Who is the teacher: the student or the machine? By showing a robot how to write letters, children improve their writing skills and gain self-confidence.
A little girl lines up plastic letters fitted with QR codes in front of a little humanoid robot. The robot struggles to reproduce them on a tablet – especially the loop of the letter p. The girl kindly steps in to help, writing out the word to show the robot how to do it. She puts in effort to teach the robot… without realizing that in reality she is the one who is improving her writing skills. Yesterday, EPFL researchers presented their new teaching tool, called CoWriter, at the “Conference on Human-Robot Interaction (HRI)“, an important event in the field of interactive robotics, held in Portland, USA.
The program is based on learning by teaching, a recognized principle in pedagogy. When children experience difficulties in writing, they can easily lose confidence, begin to shut down, or even gradually lose interest in the learning process. Eventually, their entire education can be affected. When students put themselves in the place of a teacher and pass on what they know to their peers, they can regain their self-‐esteem and motivation. The researchers’ idea was to make a robot play the role of the peer who needs to be taught. “Essentially, the goal is to provide a tool for teachers that is given a new role in the classroom, that of a student who knows even less than the slowest student in the class,” explains Séverin Lemaignan, one of the authors of the study.
Hardly readable letters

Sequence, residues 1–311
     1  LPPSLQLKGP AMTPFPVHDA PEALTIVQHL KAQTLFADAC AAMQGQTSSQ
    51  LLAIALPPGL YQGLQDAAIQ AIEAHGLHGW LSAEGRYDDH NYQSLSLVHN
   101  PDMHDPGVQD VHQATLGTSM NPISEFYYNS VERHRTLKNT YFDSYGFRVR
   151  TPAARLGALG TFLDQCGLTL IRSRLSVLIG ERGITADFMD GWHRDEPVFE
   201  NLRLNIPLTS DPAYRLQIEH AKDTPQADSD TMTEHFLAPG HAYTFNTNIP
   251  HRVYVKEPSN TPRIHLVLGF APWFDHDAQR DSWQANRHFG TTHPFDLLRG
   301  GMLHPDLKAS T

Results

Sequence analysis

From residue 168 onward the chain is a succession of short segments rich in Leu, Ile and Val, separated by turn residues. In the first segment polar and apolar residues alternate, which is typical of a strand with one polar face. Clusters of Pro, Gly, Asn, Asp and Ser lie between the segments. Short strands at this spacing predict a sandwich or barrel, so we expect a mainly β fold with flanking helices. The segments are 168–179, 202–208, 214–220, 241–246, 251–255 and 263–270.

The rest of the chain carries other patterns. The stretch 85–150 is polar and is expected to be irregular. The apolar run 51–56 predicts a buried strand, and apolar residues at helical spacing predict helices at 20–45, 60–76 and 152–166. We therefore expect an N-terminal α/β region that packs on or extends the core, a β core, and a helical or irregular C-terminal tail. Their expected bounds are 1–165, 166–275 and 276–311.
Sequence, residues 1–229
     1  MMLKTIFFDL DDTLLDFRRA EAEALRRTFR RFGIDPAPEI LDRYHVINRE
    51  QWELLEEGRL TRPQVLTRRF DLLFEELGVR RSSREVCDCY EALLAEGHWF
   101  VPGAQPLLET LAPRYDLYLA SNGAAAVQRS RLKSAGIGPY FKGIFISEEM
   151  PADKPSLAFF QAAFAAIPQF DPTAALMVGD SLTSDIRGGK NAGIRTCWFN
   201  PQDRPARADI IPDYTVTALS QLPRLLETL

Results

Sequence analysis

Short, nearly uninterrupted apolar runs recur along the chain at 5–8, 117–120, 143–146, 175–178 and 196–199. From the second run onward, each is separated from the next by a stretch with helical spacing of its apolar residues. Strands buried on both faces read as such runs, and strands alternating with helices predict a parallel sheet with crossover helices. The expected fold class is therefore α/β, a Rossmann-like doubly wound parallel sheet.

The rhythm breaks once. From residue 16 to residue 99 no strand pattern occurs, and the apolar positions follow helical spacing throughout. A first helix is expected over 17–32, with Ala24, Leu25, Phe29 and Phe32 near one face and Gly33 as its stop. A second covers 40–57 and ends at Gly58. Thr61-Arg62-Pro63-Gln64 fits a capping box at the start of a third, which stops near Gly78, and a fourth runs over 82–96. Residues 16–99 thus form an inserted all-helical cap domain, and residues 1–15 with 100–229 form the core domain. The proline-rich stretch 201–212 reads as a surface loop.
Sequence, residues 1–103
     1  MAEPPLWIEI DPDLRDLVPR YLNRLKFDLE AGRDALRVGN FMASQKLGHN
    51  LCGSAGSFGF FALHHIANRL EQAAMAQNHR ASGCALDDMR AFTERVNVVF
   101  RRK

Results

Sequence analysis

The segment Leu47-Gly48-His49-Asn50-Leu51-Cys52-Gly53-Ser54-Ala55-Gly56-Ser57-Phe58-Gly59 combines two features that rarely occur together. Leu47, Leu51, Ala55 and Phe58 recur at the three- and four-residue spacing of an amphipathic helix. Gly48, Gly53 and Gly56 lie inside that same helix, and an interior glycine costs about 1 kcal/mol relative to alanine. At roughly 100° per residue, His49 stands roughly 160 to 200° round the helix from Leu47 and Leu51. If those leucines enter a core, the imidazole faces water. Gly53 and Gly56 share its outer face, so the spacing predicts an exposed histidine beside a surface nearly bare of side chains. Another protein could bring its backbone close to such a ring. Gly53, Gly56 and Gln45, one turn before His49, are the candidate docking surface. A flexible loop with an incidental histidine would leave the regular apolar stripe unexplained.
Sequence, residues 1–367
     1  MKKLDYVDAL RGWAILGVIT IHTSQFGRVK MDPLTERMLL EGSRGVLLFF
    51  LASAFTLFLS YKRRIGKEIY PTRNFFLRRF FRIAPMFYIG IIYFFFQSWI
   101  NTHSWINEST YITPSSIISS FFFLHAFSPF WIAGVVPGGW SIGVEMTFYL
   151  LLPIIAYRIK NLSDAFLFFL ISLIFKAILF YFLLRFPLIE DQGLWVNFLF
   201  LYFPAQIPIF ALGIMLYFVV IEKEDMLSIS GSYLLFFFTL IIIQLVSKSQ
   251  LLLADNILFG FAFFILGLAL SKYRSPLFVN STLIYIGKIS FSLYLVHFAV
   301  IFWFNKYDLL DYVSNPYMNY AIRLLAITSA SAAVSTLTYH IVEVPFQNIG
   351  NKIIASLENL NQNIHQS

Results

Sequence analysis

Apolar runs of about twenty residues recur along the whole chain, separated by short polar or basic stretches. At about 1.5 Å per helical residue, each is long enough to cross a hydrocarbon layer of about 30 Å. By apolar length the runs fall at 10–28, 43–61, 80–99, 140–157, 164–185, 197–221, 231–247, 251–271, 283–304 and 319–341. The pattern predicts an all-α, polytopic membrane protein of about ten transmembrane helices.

Scientists developed progressive writing algorithms and implemented them on an existing robot model– a 58 cm tall humanoid, designed to be likeable and interact with humans. With these algorithms, the machine can clumsily draw words on demand, and then gradually improve. To do this, it uses a vast database of handwriting examples, which allows it to reproduce common errors made by young children while learning. It is also possible to program the robot so that it addresses the particular difficulties of a student, for example, by drawing a P that is barely readable and improving its form over time.
The CoWriter system, still in the prototype stage, has already been used in primary school lessons with about seventy students ranging from six to eight years old, and then individually with a six year old child for one hour per week over the course of one month. So far the system has been very well received.
These experiments have mainly allowed testing the system from a technical point of view and to verify that the algorithms meet the children’s long-term demands and that they lead to the desired outcome. In the coming months the researchers will conduct further studies to quantify the benefits of such a program: its effectiveness on the learning process and student progress, its ease of use for teachers and its applicability in more specialized fields such as speech therapy.
Adapted from article by Sarah Perrin, EPFL Mediacom
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